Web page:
4.1. 1. Expectations are set and students get into pre-arranged groups and collect any materials or resources (Killen, 2013)

4.1.1. Homogenous- similar backgrounds can encourage stronger cohesion as a group and more cooperation

4.1.2. Heterogenous- mixed groups including ability which can result in more productive group work and differing ideas

4.2. 3. Students follow any guidelines for their task and commence their group discussions ((Killen, 2013)

4.2.1. Problems can include; being off task, one student dominates, compromises can't be made on opinions and ideas

4.3. 2, Students to elect group roles; leader to monitor that group stays on task, recorder of results. (Killen, 2013)

4.4. Ideal group size of four of five students

4.5. 4. Teacher to walk around observing, monitoring and making observations for assessment to gauge learning success (Killen,2013)

4.5.1. Allows teacher to get to know how each student learns through the contributions they make (Killen, 2013)

4.5.2. Observations can be used to modify the task for future lessons (Killen, 2013)

4.5.3. Moving around the room gives more flexibility to attend to individual students needs (Killen, 2013)

4.6. 5. Dynamic and engaging lesson conclusion

4.6.1. Each group presents findings and contributes to a whole class discussion allowing students to see different points of view (Killen, 2013)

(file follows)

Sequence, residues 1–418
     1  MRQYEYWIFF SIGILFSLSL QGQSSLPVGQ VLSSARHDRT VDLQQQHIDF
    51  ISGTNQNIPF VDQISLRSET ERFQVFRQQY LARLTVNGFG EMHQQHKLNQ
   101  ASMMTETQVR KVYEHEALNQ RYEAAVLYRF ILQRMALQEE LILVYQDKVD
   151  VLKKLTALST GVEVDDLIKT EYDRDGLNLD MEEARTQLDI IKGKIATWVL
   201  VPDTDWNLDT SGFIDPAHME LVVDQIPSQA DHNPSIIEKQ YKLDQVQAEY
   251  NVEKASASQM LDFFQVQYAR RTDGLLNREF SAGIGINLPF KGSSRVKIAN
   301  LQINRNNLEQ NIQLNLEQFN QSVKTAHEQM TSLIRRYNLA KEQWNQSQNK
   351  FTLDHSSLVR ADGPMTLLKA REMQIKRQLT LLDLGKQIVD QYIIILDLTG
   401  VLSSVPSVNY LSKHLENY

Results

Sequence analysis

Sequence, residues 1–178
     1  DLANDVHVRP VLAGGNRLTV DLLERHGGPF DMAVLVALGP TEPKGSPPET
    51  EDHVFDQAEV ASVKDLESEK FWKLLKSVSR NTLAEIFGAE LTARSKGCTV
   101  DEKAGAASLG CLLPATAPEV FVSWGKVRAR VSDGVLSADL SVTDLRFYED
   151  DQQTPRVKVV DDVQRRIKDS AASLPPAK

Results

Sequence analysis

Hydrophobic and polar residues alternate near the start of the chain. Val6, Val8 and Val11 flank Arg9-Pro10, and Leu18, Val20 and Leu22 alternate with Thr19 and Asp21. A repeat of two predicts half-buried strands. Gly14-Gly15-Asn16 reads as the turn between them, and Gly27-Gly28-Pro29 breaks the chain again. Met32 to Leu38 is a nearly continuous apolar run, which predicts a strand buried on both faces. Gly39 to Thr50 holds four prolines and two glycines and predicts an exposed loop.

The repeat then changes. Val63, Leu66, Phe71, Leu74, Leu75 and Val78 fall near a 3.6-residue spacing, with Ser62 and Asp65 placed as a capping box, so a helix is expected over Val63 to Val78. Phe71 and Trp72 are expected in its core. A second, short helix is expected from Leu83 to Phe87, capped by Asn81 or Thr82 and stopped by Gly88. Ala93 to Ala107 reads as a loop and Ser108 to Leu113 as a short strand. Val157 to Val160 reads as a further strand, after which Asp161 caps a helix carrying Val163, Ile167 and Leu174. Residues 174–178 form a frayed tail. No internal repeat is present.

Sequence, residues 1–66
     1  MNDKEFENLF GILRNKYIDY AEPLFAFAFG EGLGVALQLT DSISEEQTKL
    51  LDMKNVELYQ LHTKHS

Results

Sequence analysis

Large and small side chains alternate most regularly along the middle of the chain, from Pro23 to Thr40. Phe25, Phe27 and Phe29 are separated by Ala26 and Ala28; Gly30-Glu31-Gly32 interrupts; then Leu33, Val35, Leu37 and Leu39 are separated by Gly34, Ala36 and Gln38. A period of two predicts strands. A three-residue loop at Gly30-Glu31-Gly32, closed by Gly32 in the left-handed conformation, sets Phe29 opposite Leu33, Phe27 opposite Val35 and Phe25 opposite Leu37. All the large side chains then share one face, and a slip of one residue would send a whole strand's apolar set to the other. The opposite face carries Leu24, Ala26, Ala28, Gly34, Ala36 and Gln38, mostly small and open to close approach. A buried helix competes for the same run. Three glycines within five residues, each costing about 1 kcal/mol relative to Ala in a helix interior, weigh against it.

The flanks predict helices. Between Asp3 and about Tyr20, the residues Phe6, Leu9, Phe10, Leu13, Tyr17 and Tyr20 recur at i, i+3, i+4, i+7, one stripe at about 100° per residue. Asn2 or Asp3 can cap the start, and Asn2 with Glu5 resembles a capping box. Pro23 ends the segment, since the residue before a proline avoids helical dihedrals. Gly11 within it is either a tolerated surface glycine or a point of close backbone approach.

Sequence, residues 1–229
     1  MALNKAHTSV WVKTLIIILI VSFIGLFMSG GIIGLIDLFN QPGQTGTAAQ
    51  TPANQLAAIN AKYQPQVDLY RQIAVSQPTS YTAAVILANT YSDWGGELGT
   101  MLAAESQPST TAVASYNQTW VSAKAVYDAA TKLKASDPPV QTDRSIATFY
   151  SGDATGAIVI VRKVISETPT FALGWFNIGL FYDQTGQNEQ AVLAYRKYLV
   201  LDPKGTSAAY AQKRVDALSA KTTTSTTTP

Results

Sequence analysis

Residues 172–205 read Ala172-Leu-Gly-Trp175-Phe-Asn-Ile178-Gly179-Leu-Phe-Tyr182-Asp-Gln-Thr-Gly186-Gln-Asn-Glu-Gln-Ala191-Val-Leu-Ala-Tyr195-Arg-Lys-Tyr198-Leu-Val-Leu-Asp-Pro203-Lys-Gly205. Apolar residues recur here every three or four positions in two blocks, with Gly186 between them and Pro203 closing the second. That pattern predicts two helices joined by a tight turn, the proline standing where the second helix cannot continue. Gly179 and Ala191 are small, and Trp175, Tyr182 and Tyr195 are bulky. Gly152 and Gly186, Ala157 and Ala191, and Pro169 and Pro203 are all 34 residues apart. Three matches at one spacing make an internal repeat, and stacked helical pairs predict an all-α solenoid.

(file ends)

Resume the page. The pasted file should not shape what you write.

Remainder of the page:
4.6.2. Teacher summarises points from each group and shares these with requests from each group to add any extra points for discussion (Killen, 2013)

4.6.3. Task may not be discussed. Here, the teacher can make comment on what has been achieved, how the task relates to a wider unit of work and detail what is coming in the following lessons (Killen, 2013)

5. 6. WHEN is small group work effective/ not effective in the classroom

5.1. Effective

5.1.1. Lessons where the objective is for students to develop their social skills and knowledge of content (Killen, 2013)

5.1.2. For debate and discussion

5.1.3. Task is too big to complete individually

5.1.4. Opportunities to share multiple perspectives

5.1.5. Teacher wants more one-on-one time with smaller groups while other students are also occupied

5.1.6. Discuss different point of views about the issue and its relevance.

5.1.7. Teacher can actively engage and monitor the groups

5.1.8. The groups are formed in appropriate size (Killen, 2013)